What's the Difference Between a Seizure and Epilepsy?
By Tawnya M. Constantino, MD
Dec 12, 2017
Updated Oct 25, 2023
5 min read
Most of us don’t expect to experience a seizure. But roughly three million people in the United States are at risk — because they have epilepsy. In fact, 1 in 26 people in the US will develop epilepsy during their lifetime.
A seizure happens when there's an abnormal electrical discharge in your brain. We all have a 10 percent chance of suffering from a seizure, and that risk increases if you've suffered a stroke or brain injury. But a single seizure doesn't mean you have epilepsy.
Epilepsy is defined as having chronic seizures, although anyone can have an episode in their lifetime. Symptoms can vary, including temporary confusion, loss of consciousness or awareness, and psychic symptoms.
More than 150,000 new cases of epilepsy are diagnosed each year in the U.S. Epilepsy can happen to anyone, young or old. It takes two or more seizure episodes to diagnose the condition.
A decade ago, Taraca Kamun, 30, had a full scholarship at the University of Utah and was hoping to become a neurosurgeon. Unfortunately, that dream wouldn’t come true after she developed epilepsy. "After 3 months of living in Utah, I had my first seizure,” she recalls.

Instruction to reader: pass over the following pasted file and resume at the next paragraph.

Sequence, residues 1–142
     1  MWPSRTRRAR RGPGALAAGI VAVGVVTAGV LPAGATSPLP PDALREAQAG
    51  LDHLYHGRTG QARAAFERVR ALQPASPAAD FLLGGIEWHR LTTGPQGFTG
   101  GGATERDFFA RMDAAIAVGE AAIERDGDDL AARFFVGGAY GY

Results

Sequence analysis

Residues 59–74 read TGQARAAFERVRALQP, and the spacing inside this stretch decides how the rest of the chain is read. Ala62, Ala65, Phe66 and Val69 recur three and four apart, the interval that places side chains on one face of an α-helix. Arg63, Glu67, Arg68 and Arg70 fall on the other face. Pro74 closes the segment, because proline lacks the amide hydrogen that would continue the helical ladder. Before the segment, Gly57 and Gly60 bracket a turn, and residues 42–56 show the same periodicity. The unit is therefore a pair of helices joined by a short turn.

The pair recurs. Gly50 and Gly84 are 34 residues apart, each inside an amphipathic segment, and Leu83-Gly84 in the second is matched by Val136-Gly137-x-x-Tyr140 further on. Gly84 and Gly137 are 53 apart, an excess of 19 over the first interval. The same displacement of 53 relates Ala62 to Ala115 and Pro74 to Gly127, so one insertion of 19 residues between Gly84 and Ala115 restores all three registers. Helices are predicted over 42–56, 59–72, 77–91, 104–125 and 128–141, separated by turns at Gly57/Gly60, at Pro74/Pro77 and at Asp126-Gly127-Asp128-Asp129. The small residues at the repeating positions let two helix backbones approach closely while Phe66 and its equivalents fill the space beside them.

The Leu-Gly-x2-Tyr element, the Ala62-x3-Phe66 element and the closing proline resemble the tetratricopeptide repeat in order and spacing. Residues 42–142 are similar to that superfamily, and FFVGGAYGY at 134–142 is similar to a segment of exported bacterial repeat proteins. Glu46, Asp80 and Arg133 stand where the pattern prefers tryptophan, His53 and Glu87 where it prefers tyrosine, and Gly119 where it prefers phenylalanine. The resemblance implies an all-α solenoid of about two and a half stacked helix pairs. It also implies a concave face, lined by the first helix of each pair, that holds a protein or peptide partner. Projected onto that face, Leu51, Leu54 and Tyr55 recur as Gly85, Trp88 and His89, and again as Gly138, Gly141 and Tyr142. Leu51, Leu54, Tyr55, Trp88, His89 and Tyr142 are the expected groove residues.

But that hasn’t stopped her from being active and accomplishing other goals. She’s remodeled at least two homes. She graduated from the University of Utah in the top of her class. After 12 years of living with epilepsy, she’s learned to look at life differently.
Most people who have epilepsy hold down jobs and raise their families. It's part of who they are but it doesn't define them. Also, most seizures can be controlled through medication.
"I've learned how to do sheet rock, mud, built a shed. I graduated at the top of my class,” said Kamun.
The fact is that a lot of people have epilepsy. They don't go around and have it painted on their forehead. They raise families, hold down jobs. It's part of who they are but doesn't define them. Most seizures can be controlled through medication.
If someone you know experiences a seizure, it’s important to protect their head with a coat or blanket. Don’t put anything in their mouth or try to restrain them; that could cause injury or choking. According to Centers for Disease Control and Prevention, if a person is having a seizure, call 911 if: